Right to Recess: USD 383

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Across the country, time spent on academic instruction has increased while access to outdoor time, exercise and play has dwindled.  Children have a need, and a right, to have outdoor breaks from classroom instruction in which they are given access to unstructured play and nature.  

In 2013, the American Academic of Pediatrics put out a statement in support of children's right to recess.  In that statement, they stated "The American Academy of Pediatrics believes that recess is a crucial and necessary component of a child’s development and, as such, it should not be withheld for punitive or academic reasons."  This statement was issued over four years ago, and yet, the withholding of recess continues to be a classroom management strategy used in USD 383 schools. 

As parents, we have seen our children miss recess for a variety of reasons: incomplete homework, failure to wait silently in line, talking during lunch and failure to achieve academic standards.  In none of these situations is the removal of recess helping to improve our students abilities to learn, reason, grow, achieve or get along better with peers.  While we understand that classroom management is a challenge, we ask that our district teachers work to find positive behavioral management strategies without limiting our children's access to outdoor play.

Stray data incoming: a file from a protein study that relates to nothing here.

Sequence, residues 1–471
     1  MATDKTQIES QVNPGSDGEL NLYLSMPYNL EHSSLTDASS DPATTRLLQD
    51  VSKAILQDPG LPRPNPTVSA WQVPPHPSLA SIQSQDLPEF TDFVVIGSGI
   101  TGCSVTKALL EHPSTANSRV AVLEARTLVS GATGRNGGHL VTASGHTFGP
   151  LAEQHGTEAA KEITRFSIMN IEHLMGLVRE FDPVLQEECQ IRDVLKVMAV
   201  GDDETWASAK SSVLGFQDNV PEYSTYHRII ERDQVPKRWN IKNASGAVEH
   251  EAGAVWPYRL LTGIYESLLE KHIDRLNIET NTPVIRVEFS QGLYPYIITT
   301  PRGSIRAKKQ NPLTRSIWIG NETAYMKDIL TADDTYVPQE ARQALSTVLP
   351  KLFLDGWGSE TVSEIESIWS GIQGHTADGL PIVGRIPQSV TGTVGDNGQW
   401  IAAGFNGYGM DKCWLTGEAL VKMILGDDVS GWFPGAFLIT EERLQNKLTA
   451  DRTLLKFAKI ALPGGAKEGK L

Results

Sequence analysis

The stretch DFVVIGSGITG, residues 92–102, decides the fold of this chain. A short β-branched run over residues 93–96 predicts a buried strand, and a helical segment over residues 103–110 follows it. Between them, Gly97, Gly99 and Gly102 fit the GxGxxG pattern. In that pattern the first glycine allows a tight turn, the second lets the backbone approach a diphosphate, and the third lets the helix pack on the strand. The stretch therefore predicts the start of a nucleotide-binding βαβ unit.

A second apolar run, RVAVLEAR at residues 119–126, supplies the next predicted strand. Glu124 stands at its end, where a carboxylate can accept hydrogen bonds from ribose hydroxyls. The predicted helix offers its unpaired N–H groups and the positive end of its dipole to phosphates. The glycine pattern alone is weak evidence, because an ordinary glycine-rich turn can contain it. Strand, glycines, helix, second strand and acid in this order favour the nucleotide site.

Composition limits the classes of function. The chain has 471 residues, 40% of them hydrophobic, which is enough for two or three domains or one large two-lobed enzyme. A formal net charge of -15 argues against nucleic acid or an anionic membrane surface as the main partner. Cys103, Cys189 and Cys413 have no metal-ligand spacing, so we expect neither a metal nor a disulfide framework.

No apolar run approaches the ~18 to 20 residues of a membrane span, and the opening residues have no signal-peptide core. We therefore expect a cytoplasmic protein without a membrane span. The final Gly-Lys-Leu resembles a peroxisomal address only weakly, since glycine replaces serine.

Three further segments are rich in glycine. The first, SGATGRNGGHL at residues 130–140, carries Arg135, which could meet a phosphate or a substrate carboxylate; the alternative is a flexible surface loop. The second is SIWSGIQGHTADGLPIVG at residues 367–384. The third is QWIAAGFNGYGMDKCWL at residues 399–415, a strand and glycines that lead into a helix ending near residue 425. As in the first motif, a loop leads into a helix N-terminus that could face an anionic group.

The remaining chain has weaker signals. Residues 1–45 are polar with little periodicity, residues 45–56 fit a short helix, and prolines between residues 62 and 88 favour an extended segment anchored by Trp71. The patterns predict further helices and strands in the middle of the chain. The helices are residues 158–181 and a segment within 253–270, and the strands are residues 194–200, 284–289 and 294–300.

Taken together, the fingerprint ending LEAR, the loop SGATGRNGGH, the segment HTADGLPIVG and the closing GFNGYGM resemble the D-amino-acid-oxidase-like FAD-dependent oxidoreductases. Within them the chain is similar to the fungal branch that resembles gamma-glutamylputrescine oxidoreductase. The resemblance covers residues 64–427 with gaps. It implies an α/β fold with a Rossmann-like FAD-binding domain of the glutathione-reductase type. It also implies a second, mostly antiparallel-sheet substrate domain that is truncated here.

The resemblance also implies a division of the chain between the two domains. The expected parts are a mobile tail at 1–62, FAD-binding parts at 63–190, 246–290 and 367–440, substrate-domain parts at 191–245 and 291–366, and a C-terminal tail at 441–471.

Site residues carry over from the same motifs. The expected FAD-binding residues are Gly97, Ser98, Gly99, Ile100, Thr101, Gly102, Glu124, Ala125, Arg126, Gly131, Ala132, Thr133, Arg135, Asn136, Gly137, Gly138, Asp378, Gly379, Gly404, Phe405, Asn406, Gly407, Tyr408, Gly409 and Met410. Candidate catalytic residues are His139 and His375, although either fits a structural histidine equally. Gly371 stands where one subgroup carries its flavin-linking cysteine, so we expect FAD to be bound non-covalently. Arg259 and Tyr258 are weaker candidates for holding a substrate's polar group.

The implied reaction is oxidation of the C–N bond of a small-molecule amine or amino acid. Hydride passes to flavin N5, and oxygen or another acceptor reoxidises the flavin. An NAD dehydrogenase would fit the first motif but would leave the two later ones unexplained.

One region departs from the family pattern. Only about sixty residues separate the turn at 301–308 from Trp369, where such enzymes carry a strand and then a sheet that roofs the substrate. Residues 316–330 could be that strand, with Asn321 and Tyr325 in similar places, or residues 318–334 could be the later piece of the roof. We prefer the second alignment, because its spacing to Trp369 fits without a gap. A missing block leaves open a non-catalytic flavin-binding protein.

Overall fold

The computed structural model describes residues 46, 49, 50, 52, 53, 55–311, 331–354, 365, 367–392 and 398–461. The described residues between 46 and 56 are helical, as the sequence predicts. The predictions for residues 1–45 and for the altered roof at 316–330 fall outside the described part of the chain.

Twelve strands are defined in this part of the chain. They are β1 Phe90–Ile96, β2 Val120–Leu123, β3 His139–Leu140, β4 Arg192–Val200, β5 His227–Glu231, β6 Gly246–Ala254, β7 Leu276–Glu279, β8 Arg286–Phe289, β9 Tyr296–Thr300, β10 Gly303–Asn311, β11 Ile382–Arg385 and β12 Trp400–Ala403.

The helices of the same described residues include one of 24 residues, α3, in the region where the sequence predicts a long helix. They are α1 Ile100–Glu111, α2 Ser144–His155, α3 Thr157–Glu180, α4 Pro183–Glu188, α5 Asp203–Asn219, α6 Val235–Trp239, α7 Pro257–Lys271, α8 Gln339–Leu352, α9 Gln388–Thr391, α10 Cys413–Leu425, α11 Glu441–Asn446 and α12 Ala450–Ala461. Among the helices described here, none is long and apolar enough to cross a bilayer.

If anything, time spent outside and in nature should be increased.  As a region with a rich agricultural tradition, we should be incorporating more nature-based instruction into our classrooms.  The Walton Rural Life Center in Walton, KS is an outstanding model for Kansas schools to follow.  Their adoption of an agricultural-based charter school has improved attendance and reduced behavioral problems in the school. 

We ask that the USD 383 Board of Education adopt a district-wide policy that eliminates the withholding of recess time from students.  Along with this, increased instruction on positive behavioral management strategies should be offered, particularly to our substitute teachers, who appear to rely more heavily on withholding recess.  In addition, our schools should be encouraged to adopt agricultural and/or nature-based programs for students K-12.

Reference:

Pediatrics
January 2013, VOLUME 131 / ISSUE 1
From the American Academy of Pediatrics
Policy Statement
The Crucial Role of Recess in School

http://pediatrics.aappublications.org/content/131/1/183 



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